Welcome to the spring edition of LVW’s The Serious Investor.
The Federal Reserve continued its tightening campaign during the first quarter, raising the target federal funds rate twice for a total increase of 50 basis points. Inflation moderated but remained high, with the Consumer Price Index falling to a 12-month rate of 5.0% through March. The labor market showed surprising strength early in the quarter before hiring declined to more normal levels.
There is an old saying that “the Fed keeps raising until something breaks.” The steepest rise in interest rates in history has contributed to considerable stress in the banking system. Silicon Valley Bank, the 16th-largest bank in the U.S., failed after losses in its bond portfolio contributed to a collapse of depositor confidence, sparking a classic bank run. Signature Bank fell shortly thereafter, and Swiss authorities arranged for UBS to purchase Credit Suisse.
The first quarter was decent for stock and bond investors. The equity market rallied as investors anticipated the end of Fed tightening. The S&P 500 gained 7.5% for the quarter. Returns were driven by only a handful of companies, however: Apple, Nvidia, Microsoft, Meta, Tesla, Amazon, Alphabet, SalesForce and Advanced Micro Devices accounted for over 90% of the S&P 500’s first-quarter gain. Bond yields increased through February, then fell precipitously in March as the banking crisis seemed likely to accelerate the conclusion of Fed tightening. The yield on the 10-year Treasury note dropped from 4.06% on March 2 to 3.47% on March 31, a decline of 14.5%.
Our investment discipline considers markets through the lenses of valuation, growth and liquidity. Our analysis leads us to the following conclusions as of early April:
Valuation: Not expensive or cheap
Equity valuations globally are neither excessive nor cheap. The S&P 500 is trading at about 18 times forward earnings—above the 25-year average but below peak valuations from a year ago. Smaller companies look more attractive, as do non-U.S. stocks. Stock buybacks and dividend distributions hit an all-time record in 2022, which we view as a signal of strength.
Growth: Earnings poised to slow
The economy is clearly slowing. Earnings are expected to come down over the coming quarters, with improvement later in 2023 and into 2024. As of this writing, S&P 500 earnings are expected to have declined 7% in the first quarter compared to a year earlier, according to FactSet, marking the second straight quarter of negative earnings. Top-line growth is also softening.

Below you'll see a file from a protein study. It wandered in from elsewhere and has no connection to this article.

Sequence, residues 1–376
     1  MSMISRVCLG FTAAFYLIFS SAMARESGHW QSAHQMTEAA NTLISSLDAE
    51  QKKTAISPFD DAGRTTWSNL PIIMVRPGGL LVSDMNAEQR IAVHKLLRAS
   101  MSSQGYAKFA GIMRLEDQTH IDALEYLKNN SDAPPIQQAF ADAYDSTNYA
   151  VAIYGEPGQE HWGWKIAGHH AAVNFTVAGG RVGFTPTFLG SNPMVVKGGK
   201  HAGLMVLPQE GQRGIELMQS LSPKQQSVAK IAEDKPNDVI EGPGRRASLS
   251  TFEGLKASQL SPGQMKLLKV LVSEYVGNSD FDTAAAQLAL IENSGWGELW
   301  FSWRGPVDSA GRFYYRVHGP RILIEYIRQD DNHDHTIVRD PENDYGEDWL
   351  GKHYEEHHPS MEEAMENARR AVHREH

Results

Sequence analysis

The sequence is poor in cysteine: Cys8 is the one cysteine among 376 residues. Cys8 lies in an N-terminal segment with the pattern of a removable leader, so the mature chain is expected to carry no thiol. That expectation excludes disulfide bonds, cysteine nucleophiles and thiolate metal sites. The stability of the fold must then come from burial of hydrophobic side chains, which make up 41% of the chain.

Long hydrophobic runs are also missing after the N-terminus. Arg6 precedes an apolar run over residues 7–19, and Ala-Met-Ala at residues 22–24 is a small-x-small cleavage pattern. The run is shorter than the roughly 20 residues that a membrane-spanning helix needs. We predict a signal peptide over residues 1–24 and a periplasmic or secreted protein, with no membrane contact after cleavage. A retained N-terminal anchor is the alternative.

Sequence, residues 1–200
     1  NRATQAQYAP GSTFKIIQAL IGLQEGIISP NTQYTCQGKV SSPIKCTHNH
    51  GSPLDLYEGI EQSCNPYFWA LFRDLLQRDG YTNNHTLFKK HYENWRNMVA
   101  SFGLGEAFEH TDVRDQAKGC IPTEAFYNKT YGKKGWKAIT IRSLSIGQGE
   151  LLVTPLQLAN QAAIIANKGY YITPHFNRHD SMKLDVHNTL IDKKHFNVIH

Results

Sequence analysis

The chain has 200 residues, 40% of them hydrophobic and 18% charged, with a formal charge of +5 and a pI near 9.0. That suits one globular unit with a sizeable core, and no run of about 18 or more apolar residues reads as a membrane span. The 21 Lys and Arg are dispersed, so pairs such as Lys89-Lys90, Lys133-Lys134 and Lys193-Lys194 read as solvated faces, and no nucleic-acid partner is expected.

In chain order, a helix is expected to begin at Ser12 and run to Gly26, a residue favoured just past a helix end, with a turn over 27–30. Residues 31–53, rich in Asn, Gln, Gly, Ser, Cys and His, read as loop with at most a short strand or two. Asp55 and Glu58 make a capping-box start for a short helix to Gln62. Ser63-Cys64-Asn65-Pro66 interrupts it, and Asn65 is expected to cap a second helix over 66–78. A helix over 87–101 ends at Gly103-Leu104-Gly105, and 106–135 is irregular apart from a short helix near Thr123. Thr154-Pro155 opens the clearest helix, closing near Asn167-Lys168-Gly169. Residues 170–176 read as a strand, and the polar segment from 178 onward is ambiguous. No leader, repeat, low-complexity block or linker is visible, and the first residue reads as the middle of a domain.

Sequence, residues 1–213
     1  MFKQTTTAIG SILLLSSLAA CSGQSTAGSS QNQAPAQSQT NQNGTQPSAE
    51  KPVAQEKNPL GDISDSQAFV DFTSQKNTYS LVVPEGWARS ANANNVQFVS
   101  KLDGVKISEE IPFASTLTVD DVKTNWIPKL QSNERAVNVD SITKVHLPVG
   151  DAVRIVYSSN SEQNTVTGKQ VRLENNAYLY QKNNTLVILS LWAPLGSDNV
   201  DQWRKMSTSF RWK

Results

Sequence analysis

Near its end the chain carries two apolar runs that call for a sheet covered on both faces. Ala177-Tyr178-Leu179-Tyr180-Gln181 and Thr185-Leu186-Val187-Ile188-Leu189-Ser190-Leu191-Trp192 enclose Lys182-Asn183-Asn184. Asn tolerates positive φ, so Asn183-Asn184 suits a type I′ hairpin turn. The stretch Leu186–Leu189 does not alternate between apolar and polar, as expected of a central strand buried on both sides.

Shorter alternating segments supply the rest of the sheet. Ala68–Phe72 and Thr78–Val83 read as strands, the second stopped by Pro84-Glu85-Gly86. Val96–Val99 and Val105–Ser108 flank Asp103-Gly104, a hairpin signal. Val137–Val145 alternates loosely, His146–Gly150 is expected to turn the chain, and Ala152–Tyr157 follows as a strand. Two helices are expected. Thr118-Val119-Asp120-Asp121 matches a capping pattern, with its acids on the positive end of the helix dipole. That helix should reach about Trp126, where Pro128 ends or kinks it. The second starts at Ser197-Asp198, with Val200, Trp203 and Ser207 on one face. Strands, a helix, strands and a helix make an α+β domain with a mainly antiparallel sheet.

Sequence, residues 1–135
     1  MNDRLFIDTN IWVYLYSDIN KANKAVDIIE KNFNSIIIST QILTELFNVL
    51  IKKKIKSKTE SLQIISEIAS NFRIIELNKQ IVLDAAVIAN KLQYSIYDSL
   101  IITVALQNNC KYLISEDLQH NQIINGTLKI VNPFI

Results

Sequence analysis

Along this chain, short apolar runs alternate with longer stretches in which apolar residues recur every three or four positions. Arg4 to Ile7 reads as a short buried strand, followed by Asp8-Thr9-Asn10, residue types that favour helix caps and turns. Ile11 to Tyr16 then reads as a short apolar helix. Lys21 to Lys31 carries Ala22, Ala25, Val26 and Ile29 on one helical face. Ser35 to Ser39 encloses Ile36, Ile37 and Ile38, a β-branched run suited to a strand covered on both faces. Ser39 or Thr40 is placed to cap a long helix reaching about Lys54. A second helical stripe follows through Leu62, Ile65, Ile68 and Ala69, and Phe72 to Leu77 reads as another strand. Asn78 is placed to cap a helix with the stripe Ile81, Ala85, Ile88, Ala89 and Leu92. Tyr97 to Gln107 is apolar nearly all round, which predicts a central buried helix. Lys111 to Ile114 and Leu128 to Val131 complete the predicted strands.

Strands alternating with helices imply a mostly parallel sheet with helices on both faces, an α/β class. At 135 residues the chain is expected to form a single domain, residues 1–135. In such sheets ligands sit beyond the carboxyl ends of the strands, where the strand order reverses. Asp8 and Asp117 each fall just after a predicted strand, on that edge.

Liquidity: Continued tightness
Money supply growth is negative for the first time in U.S. history, on the heels of the largest increase in money supply ever. We believe banking stress will lead to much tighter lending conditions, while one of the most inverted yield curves in history discourages banks from lending. Tight liquidity will slow the economy; we think that is the Fed’s intention. Engineering a so-called soft landing will be difficult.
On our radar:
- Inflation, in particular the possibility that persistently higher inflation may force the Fed to continue tightening more than the market expects
- First-quarter corporate earnings reports and management commentary
- The condition of the consumer: retail sales, credit card balances and sentiment surveys
- Unemployment and job openings
- Deposits and money flow in the banking system
- Geopolitical tension
The bear case for stocks is easy to understand: Fed rate hikes will create a credit crunch. Recession will lead to a drop in earnings. The U.S. Treasury yield curve is screaming problems ahead and therefore the market has further to fall. We get it. But it is possible that the market has discounted the news. Stocks have been churning mostly lower for 16 months now.
Another saying goes, “If it is in the news, it is in the price.”
The stock market is a complicated mechanism. When everyone is bearish and positioned for a crash, the downside is likely largely incorporated in the market. Of course, some exogenous event could knock the stock market down further, but the probability of that type of event is low.
Every bear market has been followed by a bull market. We believe we are close to the end of this Fed rate hike cycle, meaning we have probably seen peak interest rates. It is time to start looking past the current cycle of bad economic news and get prepared for the eventual economic recovery.
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